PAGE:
This was published under the 2010 to 2015 Conservative and Liberal Democrat coalition government
From the Prime Minister's spokesperson on: sex offenders, unemployment and inflation.
Asked if the Prime Minister was concerned that sex offenders would be able to appeal and be taken off the sex offenders register after the court ruling, the Prime Minister’s Spokesman (PMS) said the last thing we wanted to see was these people disappearing off the radar. We had some very tough restrictions in place in this country and we were not intending to let our guard down. We were already looking at the system and the way it operated.
The PMS said we were trying to think of how we could close existing loop holes, for example, we would be making it compulsory for sex offenders to report to the authorities before travelling abroad in future. There were various issues with the present system which were currently under review.
Asked if the Prime Minister was concerned about the rise in youth unemployment, the PMS said yes, but it was worth recognising that youth unemployment had been a problem for many years.
We had seen persistently high levels of youth unemployment even when unemployment was falling overall so it was clearly something we were concerned about and something we intended to address.
On whether the Prime Minister accepted that the cuts programme would make things worse for youth unemployment, the PMS said that what we needed was an economic policy that saw a rebalancing in the economy and that was what we were doing through our deficit reduction plan.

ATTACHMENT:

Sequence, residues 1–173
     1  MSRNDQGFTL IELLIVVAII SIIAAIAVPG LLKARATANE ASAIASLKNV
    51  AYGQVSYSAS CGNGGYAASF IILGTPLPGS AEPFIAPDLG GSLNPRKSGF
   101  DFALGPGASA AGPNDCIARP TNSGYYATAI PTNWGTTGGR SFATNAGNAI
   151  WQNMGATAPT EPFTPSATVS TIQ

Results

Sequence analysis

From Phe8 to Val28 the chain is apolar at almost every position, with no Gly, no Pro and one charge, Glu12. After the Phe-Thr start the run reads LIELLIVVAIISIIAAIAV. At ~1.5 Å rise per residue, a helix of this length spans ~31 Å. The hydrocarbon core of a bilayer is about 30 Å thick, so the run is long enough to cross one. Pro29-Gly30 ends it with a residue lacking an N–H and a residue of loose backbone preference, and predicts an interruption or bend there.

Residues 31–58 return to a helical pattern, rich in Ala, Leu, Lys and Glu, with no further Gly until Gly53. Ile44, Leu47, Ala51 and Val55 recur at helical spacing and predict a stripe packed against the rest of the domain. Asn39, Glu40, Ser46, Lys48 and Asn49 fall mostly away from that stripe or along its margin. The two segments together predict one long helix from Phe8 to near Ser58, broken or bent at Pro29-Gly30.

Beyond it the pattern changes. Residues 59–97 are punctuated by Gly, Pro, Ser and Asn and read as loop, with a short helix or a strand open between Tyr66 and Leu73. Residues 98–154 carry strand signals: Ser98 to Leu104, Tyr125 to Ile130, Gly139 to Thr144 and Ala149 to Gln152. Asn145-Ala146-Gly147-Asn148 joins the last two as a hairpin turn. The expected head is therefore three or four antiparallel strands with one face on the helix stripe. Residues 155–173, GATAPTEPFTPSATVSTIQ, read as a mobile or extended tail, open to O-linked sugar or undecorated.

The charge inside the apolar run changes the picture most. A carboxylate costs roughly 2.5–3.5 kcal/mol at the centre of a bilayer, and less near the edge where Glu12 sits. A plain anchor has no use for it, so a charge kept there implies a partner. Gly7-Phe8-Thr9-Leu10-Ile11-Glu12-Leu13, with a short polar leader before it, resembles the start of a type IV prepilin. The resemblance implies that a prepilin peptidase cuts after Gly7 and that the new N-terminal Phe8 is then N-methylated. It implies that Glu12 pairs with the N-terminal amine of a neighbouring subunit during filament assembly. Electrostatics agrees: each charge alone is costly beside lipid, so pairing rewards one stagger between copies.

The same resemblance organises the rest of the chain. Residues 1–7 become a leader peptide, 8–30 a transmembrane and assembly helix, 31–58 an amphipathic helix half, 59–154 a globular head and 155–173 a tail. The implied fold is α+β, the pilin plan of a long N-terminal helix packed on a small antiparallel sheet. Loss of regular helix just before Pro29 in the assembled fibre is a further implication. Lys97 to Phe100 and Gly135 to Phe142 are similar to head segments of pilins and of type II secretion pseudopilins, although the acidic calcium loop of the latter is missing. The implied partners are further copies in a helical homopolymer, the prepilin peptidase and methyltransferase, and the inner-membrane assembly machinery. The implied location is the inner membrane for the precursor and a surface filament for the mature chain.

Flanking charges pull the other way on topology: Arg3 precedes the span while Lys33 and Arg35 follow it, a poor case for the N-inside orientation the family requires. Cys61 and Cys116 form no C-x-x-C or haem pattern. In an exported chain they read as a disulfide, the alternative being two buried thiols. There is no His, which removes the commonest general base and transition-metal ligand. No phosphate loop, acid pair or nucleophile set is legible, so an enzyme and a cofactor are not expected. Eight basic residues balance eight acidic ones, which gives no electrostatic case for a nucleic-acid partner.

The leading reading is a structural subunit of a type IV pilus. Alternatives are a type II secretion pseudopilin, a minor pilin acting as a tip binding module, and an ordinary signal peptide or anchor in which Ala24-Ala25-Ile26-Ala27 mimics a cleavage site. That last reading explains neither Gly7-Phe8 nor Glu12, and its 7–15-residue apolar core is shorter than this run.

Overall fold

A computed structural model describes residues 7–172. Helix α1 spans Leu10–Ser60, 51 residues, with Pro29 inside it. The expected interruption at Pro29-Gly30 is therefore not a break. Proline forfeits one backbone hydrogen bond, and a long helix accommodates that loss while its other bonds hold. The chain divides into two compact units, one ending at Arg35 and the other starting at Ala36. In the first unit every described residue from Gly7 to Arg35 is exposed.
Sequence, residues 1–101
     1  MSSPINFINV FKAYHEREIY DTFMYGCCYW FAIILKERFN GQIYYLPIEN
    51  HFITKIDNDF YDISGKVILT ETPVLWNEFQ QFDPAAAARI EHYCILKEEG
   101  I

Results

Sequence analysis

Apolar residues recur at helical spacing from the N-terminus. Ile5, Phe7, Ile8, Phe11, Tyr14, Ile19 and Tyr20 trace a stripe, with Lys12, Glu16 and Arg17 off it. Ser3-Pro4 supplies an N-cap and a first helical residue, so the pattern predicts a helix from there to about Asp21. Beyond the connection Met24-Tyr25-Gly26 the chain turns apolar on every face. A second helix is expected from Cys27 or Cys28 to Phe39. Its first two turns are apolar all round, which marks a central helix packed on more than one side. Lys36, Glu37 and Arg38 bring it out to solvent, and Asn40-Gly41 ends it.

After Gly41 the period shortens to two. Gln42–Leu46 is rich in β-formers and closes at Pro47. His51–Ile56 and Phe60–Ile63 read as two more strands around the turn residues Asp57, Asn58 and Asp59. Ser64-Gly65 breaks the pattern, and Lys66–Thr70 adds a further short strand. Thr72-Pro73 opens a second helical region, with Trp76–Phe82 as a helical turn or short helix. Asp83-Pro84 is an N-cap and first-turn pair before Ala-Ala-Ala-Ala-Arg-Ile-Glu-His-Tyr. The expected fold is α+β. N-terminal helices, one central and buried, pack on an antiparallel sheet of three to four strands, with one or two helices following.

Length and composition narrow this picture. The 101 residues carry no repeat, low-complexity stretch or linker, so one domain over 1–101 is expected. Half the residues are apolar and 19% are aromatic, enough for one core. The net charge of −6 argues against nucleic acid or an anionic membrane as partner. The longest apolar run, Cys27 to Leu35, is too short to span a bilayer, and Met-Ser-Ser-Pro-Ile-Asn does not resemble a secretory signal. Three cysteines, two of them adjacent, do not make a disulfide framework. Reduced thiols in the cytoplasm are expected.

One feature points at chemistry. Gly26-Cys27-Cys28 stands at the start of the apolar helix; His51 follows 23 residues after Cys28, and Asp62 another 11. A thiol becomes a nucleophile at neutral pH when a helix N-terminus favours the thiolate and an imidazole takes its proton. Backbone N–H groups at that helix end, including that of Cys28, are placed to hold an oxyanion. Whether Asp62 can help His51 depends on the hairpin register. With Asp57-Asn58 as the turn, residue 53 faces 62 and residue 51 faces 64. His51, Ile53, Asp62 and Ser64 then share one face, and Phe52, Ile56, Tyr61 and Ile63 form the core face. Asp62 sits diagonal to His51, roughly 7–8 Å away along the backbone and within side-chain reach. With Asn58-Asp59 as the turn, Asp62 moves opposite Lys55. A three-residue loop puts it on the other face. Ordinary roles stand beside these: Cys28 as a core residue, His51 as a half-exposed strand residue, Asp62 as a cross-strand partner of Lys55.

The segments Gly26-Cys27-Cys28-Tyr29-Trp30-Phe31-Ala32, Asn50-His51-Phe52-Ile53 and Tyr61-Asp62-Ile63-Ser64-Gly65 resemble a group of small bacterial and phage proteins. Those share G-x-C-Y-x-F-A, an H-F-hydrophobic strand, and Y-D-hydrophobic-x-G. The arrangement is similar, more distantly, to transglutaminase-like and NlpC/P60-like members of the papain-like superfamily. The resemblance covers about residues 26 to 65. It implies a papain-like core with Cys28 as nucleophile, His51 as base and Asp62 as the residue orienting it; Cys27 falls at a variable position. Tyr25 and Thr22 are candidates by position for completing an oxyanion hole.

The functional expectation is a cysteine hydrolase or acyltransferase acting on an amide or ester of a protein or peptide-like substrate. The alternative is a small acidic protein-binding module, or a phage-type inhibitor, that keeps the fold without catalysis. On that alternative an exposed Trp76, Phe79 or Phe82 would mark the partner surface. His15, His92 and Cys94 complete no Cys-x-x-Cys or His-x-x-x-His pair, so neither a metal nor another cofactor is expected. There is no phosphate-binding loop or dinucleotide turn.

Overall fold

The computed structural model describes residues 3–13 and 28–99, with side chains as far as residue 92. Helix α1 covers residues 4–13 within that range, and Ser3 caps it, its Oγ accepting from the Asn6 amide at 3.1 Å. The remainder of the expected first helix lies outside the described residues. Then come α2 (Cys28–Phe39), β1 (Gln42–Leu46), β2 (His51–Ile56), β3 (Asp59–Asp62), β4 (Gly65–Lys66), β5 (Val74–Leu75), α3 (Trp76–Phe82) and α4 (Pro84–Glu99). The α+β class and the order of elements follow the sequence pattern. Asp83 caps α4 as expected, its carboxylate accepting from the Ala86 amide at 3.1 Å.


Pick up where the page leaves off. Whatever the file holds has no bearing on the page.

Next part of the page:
Asked whether the Prime Minister was relaxed about interest rates rising, the PMS said people should look at the Chancellor’s letter from yesterday. Monetary policy was clearly an issue for the Monetary Policy Committee, but he said for its part, the Government’s commitment to delivering its fiscal consolidation plan continued to provide the MPC with the space it needed to target low inflation.
In the current context stepping back from our commitment for fiscal consolidation would make the MPC’s job harder by putting further upwards pressure on inflation and would risk prompting an offsetting monetary tightening, such that overall there would be little if any impact on demand.
Published: 16 February 2011